• 10 Ways to Beat Online Obscurity. “Listen, I’ve got some bad news for you. More than likely, no one knows who you are. And more than likely, they never will. How can I say that with such authority? Easy.”
  • A Brief History of Film Title Sequence Design in 2 Minutes. “In his graduation project, an absolutely brilliant motion graphics gem, Dutch designer and animator Jurjen Versteeg examines the history of the title sequence through an imagined documentary about the designers who revolutionized this creative medium.”
  • 1000 Lives In 100 Words. “… is here to remind us that our lives are important. It’s here to remind us that it’s not the years in your life; it’s the life in your years. Because we’ll all end up as 100 words someday. So let’s make each one count.”
  • 20 Best Websites To Download Free EBooks. “It would be nice if we’re able to download a free e-book and take it with us. That’s why we’ve again crawled deep into the Internet to compile this list of 20 places to download free e-books for your use.”
  • A Story for Every Purpose. “On the Internet, you will find no lack of efforts to collect and share stories, either on an ad hoc basis, or as a site’s raison d’etre. Following are a few that have caught my eye recently.”
  • NYTimes.com’s most looked-up words for 2011.“One of the cooler-but-lesser-known functions of NYTimes.com is its word “look up” feature: Double-click on any word in the text of an article — insouciance, say, or omertà — and a little question mark will pop up. Click the question mark, and you’ll get a definition of the highlighted word directly from the American Heritage Dictionary.”

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From the Archives: Our Favorite Things Have Stories to Tell.

Our Favorite Things Have Stories to Tell. This past week I’ve been reminded how much our treasured possessions are a window into the stories of our life. My frail, ninety-one year old mother has  started to go through her modest collection of jewelry. She’s carefully trying to match each piece with a relative or friend she thinks would appreciate having it after she has died.   As I was sitting with her, she began telling me the stories behind each piece. There are the art deco black-and-white … Read More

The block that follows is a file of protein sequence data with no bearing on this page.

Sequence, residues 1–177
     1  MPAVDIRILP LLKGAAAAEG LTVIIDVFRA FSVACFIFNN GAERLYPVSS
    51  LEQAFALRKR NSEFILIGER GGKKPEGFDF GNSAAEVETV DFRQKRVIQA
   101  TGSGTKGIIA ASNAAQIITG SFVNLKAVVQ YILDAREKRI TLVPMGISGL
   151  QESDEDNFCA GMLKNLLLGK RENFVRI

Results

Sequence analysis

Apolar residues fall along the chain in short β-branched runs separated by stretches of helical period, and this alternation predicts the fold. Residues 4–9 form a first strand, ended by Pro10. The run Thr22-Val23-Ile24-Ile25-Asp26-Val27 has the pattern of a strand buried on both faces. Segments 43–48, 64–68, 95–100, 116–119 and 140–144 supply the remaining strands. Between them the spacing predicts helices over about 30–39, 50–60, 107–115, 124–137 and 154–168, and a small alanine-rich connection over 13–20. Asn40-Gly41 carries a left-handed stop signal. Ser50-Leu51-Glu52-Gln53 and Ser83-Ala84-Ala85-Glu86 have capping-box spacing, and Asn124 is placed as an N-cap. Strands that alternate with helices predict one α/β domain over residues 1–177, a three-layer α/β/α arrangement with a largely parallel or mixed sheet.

As Personal Historians, How Do We Rekindle “The Sacred” in Our Work?

Our people lived as part of everything. We were so much a part of nature, we were just like the birds, the animals, the fish. We were like the mountains. Our people lived that way. We knew there was an intelligence, a strength, a power, far beyond ourselves. We knew that everything here didn’t just happen by accident.

~  David Elliott Sr. (Saltwater People, School District 63 (Saanich, 1990)

This past week I had the privilege of hearing First Nation elder STOLȻEȽ ( John Elliot) of the WASÁNEĆ (Saanich) territory address the 16th Annual APH Conference in Victoria, B.C.  He spoke reverently of the stories that were passed down to him about the land and sea and animals and the values to live by.

I was moved by his dedication to his people and by the importance he places on the preserving and recording of their stories. Too often I find myself caught up in the mechanics of my work as a personal historian. There’s marketing to do, blog articles to write, and deadlines to meet. I forget about the sacredness of our work. And by sacred I don’t mean religious. I mean knowing someone deeply, being touched by our common humanity, and venerating the interconnectedness of all life.

What can we do to rekindle the “sacred” in our work? Here are some thoughts.

Begin with our elders.